A reputation for adroit leadership in complex antitrust cases.
Dena Sharp ’06 was recently made a name partner at a prominent plaintiff’s class action firm in San Francisco. With founder Daniel Girard and others, the aptly named Sharp helped grow a successful practice that challenges antitrust violations and other corporate wrongdoing, particularly in the pharmaceutical industry.
Sharp joined the firm, then known as Girard Gibbs, as a newly minted J.D. in 2006, after being connected to Girard through Professor David Levine. “I was as green as you could be,” she said. “But I was in the right place because the firm had a fascinating practice and I wasn’t attracted to defense work.”
Her first cases were large and capable of intimidating most new lawyers. One involved a complex Ponzi scheme; another sought recoveries for defrauded investors whose nest eggs had been demolished in the aftershocks of the 2008 financial crisis.
“Working on those cases was a big deal because I felt like I had very close contact with our clients,” Sharp recalled. “For the retirees whose investments were underwritten by Lehman Brothers, we were able to get them more than 50 percent of their money back, and bankruptcy proceedings gave the majority of the rest owed to them.” She explained that she “also acquired a sense of the intensity and pressure of a $100 million case, which was a great learning experience at an early stage in my career.”
Since then, Sharp has developed a reputation for adroit leadership in complex antitrust cases. Her recent focus has been drug companies that agree to price their medications exorbitantly or try to stymie competition by illegally delaying the release of generic versions. “These are righteous cases,” she said. “There’s nothing good about companies colluding to keep prices of key medicines high.”
In a notable multidistrict matter, In re Lidoderm Antitrust Litigation, Sharp led a team that gained the largest recovery for a class of consumers in similar federal litigation in over a decade. The case involved a “reverse payment” from a brand-name company to a generic company to delay entering the market for Lidoderm, a frequently prescribed pain relief patch. On the eve of trial, as Sharp practiced her opening statement, Sharp and her team settled the case for a generous $104.75 million.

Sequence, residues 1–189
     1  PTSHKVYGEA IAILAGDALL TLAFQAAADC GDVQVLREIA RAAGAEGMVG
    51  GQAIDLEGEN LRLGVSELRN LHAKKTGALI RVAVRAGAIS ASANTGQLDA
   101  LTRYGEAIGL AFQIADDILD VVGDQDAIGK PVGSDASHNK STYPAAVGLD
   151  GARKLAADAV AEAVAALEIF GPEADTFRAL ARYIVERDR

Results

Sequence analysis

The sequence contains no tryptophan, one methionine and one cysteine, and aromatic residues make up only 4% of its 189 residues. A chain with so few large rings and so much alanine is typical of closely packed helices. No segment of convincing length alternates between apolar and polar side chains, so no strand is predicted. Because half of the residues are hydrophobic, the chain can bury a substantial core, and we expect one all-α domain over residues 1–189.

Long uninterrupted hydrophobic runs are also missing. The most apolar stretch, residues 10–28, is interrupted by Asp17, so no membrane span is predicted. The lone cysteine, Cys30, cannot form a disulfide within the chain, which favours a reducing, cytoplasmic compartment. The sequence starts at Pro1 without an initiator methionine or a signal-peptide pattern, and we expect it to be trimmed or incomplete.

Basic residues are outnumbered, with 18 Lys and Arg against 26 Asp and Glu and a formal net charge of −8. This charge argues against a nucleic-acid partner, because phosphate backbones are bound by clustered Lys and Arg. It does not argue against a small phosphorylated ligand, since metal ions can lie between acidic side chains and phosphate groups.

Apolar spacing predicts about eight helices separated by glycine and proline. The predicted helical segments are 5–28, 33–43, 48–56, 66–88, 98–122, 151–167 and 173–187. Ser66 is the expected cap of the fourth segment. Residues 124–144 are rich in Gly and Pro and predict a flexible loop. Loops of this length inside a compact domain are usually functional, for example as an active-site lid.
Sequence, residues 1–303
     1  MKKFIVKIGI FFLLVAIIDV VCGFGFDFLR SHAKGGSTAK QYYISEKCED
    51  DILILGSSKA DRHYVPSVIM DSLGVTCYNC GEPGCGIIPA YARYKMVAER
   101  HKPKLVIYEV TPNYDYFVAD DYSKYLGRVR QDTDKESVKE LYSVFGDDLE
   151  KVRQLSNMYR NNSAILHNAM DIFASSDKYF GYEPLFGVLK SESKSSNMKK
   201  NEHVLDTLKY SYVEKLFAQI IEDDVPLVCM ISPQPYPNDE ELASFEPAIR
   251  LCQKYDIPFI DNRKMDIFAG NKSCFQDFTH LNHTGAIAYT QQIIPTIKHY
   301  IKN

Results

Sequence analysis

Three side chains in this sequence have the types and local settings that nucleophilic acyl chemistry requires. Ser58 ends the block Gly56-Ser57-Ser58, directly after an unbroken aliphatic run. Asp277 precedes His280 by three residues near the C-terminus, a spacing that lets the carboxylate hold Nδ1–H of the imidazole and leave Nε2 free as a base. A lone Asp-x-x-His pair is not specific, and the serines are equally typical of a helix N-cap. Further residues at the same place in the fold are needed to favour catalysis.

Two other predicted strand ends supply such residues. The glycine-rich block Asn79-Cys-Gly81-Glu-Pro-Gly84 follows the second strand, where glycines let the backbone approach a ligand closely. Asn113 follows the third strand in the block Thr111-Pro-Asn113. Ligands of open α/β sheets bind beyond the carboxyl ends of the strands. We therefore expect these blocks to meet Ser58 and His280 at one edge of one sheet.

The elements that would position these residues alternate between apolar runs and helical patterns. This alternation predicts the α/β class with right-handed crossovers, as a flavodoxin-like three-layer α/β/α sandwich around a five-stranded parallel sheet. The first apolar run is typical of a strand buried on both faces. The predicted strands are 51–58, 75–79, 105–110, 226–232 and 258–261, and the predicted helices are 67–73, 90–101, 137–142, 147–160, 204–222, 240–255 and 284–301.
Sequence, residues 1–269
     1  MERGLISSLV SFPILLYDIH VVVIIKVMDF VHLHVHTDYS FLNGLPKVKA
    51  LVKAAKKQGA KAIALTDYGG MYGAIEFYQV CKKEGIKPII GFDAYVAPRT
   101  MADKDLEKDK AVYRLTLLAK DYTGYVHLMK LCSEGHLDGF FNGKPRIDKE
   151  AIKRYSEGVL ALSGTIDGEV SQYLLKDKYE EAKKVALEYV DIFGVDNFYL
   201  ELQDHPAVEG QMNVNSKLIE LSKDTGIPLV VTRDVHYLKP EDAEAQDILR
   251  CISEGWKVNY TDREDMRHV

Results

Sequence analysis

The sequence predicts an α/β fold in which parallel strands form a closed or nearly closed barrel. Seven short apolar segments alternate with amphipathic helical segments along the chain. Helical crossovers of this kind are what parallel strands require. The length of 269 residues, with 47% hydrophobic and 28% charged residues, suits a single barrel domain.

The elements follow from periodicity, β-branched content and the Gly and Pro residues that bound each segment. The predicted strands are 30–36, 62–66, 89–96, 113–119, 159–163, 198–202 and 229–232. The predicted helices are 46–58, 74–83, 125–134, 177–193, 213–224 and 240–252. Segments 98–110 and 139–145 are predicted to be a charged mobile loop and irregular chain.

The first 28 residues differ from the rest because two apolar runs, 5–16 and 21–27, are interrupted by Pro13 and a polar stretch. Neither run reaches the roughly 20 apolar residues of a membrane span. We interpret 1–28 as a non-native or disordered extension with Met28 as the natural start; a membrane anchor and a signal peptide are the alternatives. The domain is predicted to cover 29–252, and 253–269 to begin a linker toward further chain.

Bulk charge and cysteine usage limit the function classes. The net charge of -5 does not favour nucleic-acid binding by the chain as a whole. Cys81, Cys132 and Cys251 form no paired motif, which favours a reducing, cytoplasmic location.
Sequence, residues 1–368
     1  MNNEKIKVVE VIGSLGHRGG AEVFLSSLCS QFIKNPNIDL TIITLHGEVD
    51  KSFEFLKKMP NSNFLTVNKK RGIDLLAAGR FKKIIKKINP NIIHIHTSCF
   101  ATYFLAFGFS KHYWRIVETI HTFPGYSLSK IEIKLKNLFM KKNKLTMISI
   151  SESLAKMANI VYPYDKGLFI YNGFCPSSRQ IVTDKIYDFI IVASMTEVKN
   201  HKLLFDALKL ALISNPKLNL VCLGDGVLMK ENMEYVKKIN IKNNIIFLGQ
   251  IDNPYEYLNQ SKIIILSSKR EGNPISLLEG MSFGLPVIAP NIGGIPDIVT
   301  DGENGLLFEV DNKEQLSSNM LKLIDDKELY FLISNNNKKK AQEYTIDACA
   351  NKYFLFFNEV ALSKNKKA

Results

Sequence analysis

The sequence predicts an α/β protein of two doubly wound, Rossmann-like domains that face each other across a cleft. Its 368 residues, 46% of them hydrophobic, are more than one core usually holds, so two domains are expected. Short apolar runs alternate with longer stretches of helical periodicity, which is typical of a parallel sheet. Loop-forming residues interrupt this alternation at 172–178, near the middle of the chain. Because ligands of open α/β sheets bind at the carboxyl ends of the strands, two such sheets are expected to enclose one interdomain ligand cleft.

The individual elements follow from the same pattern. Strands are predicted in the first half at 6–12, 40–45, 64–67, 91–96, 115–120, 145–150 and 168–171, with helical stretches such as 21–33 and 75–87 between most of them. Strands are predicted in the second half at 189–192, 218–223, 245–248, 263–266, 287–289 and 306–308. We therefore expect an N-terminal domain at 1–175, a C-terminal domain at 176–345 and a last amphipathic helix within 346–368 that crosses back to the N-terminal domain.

While she was understandably disappointed not to have her day in court, Sharp recognized that the most effective lawyering sometimes happens behind the scenes: “On TV we see that you have to be a tough guy and pound the table. But one skill that is less apparent and yet so important is diplomacy—understanding how to bridge the gap between people who might have very different ideas about the right way to do something.”
She learned her form of diplomacy as the youngest of eight strongly opinionated children of immigrants. “My interest was always in figuring out who was agreeing and disagreeing, and getting every body’s sails pointed in the same direction,” she said.
Sharp also models admirably maverick qualities. After a childhood in Minnesota, Sharp became an avid surfer throughout law school. And she became a name partner while raising two young kids.
Sharp attributes her can-do attitude to the influence of her own mother, who worked for a time as a doctor at the Mayo Clinic. Sharp’s mother taught her that only she could decide whether being a woman was an asset or a liability in her profession, but that the important thing was to pursue positive goals.
“Every woman who has undertaken a career wants to be recognized on the merits rather than as a token of diversity,” she said. “I’ve heard from a lot of women who have taken heart from the fact that I could become a name partner.”
Sharp acknowledged essential support from her work partners and her husband, but noted that first and foremost, she has to answer her five-year-old son Calvin when he asks her, evening after evening, “Hey mom, did you crack the case today?”
By Jessica Carew Kraft